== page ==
Monday, July 31, 2006

In Perspective

It is often said that the pace of modern life is faster for most of us than many of our predecessors would have known. It is difficult to know whether that is actually true or not, as we have no direct way of knowing. All we can do is to look back at the historical detail and form an impression as to how life once was in respect to the influence of time. I suspect that the truth lies somewhere in-between; that for many, life was frantic, with business to conduct, deadlines to meet, crops to be brought in against the threat of a turn in the weather and without the benefit of modern machinery and so on. For others, for example, those who were wealthy and could afford servants for the menial and more arduous tasks, the days were possibly as leisurely as they are for those who are in the same financially sound position in life today.

For, what tends to be the driving factor behind the speed at which our lives are led is probably no different now than it was one, two or three hundred years ago: that is the need to feed, clothe and house ourselves and our families, along, for many, with the innate desire to improve individual living conditions. The latter, however, usually requires the acquisition of wealth and thus the pressure builds.

The true problem we face in a modern society is perhaps not knowing when sufficient is enough. When do we decide that the standard of living we have achieved is sufficient? At what stage do we step back from the conveyor belt of work and decide that there is more to life than the incessant toil of self-imposed challenges?

Holidays are often a good time to take stock and reflect on such matters. For a short period of time one is excused from the daily turmoil of labour and allowed the luxury of spending the hours of the day entirely as one wishes. It is, as Shakespeare said about another form of escape, ‘a consummation devoutly to be wished’ (Hamlet, Act 3, Sc. 1).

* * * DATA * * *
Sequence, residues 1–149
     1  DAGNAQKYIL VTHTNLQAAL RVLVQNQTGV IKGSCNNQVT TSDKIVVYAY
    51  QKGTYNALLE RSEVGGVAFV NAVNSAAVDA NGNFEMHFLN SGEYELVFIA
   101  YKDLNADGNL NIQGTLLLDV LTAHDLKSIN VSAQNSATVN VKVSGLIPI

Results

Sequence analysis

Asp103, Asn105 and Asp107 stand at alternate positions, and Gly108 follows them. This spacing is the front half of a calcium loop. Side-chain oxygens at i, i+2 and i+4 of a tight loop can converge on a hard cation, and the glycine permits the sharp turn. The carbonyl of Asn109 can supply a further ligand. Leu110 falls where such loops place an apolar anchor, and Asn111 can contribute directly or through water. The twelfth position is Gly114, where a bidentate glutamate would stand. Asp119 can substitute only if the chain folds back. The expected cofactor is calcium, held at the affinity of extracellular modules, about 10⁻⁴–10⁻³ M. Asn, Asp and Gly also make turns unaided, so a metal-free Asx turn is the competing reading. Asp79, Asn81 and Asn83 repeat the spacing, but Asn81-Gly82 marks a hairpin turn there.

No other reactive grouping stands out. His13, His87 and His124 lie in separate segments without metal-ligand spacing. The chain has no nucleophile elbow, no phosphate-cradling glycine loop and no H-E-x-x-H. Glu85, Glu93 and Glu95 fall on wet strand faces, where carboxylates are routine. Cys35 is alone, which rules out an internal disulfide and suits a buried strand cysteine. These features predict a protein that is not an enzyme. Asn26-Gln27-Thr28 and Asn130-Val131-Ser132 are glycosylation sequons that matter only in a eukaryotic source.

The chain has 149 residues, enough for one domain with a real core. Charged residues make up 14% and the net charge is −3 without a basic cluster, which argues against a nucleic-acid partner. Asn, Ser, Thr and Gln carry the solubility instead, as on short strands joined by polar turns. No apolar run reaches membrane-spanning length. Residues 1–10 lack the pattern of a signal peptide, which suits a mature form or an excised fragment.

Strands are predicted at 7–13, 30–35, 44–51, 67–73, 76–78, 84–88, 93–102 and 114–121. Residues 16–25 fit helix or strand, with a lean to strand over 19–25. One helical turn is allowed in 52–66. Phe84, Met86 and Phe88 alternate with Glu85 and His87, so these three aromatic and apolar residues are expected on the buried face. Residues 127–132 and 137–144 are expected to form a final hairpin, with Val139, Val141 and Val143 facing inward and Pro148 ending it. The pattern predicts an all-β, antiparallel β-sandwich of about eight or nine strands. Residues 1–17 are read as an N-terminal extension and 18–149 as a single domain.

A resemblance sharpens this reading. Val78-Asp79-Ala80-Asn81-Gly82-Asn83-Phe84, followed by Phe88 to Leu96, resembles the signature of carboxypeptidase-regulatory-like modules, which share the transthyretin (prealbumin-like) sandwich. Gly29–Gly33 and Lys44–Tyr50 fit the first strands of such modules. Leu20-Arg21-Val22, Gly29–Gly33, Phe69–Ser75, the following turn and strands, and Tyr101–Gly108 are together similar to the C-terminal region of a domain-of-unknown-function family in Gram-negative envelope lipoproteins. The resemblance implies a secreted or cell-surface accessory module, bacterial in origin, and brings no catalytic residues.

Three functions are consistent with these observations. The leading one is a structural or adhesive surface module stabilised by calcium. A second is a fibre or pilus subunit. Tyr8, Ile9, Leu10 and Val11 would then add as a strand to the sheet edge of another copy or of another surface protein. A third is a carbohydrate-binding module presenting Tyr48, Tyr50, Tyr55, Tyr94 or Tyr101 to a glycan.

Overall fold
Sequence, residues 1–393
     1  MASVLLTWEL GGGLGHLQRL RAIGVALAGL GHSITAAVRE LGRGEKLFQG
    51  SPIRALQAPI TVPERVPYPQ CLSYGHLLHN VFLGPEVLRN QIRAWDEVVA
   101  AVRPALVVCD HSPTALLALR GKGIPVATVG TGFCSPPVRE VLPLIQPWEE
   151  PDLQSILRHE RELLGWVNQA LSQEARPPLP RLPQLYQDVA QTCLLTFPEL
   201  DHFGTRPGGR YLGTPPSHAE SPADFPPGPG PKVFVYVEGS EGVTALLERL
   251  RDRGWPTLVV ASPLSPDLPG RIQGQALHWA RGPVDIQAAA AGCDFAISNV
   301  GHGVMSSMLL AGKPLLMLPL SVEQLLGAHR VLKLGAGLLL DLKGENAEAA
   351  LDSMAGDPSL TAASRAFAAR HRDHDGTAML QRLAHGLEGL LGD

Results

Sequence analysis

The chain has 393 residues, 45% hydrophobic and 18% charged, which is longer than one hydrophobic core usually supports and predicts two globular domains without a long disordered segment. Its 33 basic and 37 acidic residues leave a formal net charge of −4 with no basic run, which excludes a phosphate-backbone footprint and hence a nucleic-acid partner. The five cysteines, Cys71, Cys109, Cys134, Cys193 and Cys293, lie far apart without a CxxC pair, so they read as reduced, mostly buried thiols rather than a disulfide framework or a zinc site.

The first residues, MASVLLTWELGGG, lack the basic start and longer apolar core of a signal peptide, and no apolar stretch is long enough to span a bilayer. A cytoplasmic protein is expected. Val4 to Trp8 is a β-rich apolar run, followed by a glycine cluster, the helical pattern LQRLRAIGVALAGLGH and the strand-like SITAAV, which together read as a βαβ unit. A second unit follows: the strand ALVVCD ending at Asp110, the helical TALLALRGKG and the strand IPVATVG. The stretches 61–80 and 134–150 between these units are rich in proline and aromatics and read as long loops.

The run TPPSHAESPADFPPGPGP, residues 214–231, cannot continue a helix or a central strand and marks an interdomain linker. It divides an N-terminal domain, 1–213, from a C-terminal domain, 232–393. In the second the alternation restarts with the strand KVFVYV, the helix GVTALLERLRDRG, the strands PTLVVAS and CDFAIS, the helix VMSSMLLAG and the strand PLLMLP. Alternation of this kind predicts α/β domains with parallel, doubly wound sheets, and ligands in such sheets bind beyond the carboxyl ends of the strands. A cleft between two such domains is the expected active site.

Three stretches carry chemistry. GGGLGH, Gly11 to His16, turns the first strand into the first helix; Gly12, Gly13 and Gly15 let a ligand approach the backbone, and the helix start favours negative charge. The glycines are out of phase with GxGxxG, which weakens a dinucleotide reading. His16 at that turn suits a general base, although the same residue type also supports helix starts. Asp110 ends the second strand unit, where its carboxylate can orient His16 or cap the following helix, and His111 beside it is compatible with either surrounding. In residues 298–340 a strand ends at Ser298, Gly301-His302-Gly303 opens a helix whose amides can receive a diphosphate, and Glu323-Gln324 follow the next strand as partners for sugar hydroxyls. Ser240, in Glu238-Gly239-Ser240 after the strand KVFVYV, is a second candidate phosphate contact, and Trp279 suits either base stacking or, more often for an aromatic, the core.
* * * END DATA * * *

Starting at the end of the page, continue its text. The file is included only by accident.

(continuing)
Over the past two weeks I have had the chance to visit a variety of places in North Yorkshire and the Lake District which have given rise to such reflection. As a group, they are diverse: The acres of beautifully landscaped gardens at Parcivall Hall, the well-preserved ruins of the Carthusian monastery at Mount Grace Priory and Brantwood, the former home on the shore of Lake Coniston of the Victorian writer, painter and poet, John Ruskin, to name a few. What these places have done is to reinforce that sense which many of us already know but often do not heed: the concept that in life, it is the journey that matters, not the destination.

Some people never have the opportunity of understanding the true priorities of life. For those of us who do have the luxury of being able to take time to gain that valuable insight, the task ahead, when the daily conveyor belt of work-related demands again starts up, is not to forget. More to the point, the mission should be, wherever possible, to put that knowledge into action. In the words of John Ruskin, it beholds us to remember that:
‘There is no wealth but life.’

1 comment:

Anonymous said...

And so it is - the work of St John Ambulance!!

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